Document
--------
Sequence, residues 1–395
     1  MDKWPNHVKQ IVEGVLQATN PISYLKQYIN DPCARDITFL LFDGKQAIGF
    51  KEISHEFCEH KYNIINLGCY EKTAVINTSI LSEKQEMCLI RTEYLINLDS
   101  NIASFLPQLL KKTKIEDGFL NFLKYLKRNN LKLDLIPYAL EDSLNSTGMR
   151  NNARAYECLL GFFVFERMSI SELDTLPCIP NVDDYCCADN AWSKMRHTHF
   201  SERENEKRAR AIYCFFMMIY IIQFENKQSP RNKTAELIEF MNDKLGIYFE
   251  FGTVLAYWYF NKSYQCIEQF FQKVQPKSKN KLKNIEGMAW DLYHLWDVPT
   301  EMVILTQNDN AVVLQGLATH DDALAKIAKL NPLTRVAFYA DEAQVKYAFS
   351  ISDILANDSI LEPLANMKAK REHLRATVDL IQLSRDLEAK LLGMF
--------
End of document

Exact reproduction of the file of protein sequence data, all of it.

Sequence, residues 1–395
     1  MDKWPNHVKQ IVEGVLQATN PISYLKQYIN DPCARDITFL LFDGKQAIGF
    51  KEISHEFCEH KYNIINLGCY EKTAVINTSI LSEKQEMCLI RTEYLINLDS
   101  NIASFLPQLL KKTKIEDGFL NFLKYLKRNN LKLDLIPYAL EDSLNSTGMR
   151  NNARAYECLL GFFVFERMSI SELDTLPCIP NVDDYCCADN AWSKMRHTHF
   201  SERENEKRAR AIYCFFMMIY IIQFENKQSP RNKTAELIEF MNDKLGIYFE
   251  FGTVLAYWYF NKSYQCIEQF FQKVQPKSKN KLKNIEGMAW DLYHLWDVPT
   301  EMVILTQNDN AVVLQGLATH DDALAKIAKL NPLTRVAFYA DEAQVKYAFS
   351  ISDILANDSI LEPLANMKAK REHLRATVDL IQLSRDLEAK LLGMF